Rental assistance also has the potential to help mitigate the growing threat of expiring affordability restrictions among LIHTC properties. LIHTC properties placed in service since 1990 have a minimum 30-year affordability period under federal law, with some state tax credit allocating agencies incentivizing or requiring affordability beyond the federal minimum. Accounting for states with mandatory affordability periods longer than 30 years, more than 387,000 LIHTC units in nearly 6,900 properties will reach the end of their federally mandated period of affordability over the next 10 years, and have no other federal project-based subsidies carrying affordability restrictions. Voucher holders in these properties, however, will still have their primary source of subsidy regardless of whether these properties are preserved.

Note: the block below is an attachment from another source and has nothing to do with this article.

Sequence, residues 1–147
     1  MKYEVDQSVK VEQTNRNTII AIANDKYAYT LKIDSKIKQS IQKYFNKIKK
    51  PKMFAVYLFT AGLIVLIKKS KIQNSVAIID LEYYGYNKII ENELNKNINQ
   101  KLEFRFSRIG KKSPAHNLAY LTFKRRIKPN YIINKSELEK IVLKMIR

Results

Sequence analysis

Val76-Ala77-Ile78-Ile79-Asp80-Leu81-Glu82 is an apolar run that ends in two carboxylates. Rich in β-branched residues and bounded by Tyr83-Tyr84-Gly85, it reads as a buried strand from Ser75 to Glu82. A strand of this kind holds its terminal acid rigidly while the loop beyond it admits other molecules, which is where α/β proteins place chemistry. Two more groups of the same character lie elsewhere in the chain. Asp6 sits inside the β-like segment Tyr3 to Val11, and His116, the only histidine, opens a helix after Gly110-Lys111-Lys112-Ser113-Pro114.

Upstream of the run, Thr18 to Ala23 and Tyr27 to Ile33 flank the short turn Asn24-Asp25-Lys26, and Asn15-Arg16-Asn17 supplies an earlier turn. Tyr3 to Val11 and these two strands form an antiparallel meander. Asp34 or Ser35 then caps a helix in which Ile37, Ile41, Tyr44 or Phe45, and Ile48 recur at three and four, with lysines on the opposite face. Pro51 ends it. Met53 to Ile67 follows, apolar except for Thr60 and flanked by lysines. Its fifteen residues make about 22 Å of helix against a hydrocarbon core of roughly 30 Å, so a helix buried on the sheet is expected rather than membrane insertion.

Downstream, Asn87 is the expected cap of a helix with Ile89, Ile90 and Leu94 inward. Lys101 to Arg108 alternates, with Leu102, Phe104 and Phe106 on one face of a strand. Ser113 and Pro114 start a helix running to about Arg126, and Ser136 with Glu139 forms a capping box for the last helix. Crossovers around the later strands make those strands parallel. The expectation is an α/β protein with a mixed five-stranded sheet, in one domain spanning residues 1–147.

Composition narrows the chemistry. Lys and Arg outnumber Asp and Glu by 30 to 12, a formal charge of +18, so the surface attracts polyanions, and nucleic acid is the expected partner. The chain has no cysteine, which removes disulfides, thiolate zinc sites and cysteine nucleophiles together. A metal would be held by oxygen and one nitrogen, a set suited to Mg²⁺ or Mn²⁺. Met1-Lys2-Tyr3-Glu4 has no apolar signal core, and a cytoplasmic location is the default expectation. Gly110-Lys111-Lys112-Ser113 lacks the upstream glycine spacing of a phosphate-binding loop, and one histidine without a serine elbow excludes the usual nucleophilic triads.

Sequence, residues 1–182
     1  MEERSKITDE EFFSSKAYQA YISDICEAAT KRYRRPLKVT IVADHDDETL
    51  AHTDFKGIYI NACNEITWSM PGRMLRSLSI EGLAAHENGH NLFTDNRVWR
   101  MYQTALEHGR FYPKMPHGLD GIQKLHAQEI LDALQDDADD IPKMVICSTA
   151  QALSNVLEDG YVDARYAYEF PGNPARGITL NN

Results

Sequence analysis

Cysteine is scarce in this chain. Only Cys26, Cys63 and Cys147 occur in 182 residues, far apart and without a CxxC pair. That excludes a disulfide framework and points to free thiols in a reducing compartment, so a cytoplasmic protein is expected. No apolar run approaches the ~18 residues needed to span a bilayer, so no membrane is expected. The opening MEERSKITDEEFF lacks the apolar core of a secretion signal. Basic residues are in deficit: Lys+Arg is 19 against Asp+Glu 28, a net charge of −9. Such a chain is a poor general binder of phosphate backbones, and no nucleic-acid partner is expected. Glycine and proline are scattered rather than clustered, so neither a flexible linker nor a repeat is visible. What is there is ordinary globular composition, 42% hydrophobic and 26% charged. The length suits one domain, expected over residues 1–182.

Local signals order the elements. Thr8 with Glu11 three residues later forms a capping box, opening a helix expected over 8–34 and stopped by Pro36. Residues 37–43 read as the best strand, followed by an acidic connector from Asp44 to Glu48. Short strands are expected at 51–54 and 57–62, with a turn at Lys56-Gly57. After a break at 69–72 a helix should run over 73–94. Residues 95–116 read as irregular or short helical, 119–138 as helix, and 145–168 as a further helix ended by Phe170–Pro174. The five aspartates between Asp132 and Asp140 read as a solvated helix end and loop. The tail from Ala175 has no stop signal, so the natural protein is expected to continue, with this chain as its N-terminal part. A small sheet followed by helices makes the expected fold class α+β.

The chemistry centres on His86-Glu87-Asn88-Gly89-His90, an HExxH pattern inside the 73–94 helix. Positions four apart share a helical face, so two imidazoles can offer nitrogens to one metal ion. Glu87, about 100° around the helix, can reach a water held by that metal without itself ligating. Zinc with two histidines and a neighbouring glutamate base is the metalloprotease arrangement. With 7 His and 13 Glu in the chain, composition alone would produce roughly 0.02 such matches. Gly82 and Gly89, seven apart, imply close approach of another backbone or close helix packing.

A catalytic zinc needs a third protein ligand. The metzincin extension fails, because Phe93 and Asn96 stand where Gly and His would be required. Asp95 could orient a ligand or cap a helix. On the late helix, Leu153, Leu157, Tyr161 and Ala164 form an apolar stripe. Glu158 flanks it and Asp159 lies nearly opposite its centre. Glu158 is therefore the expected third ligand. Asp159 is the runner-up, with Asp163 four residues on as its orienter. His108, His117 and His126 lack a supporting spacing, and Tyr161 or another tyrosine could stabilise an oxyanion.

Not all units reaching the end of their 30-year affordability period will be lost from the affordable stock. Some properties will receive further allocations of credits, extending affordability requirements. Other units might lose their affordability restrictions but remain relatively affordable in the private market. These units, however, would no longer carry income-eligibility and affordability restrictions. Even small rent increases for these units could lead to housing instability for the lowest-income LIHTC tenants without rental assistance. A smaller subset of units, particularly those with for-profit owners located in tighter housing markets, could reposition as much higher-cost housing, or convert to another use after restrictions expire. Access to rental assistance, particularly portable rental assistance like HCVs, could protect tenants when affordability restrictions are lost by allowing them to afford their current unit or another one in the private market.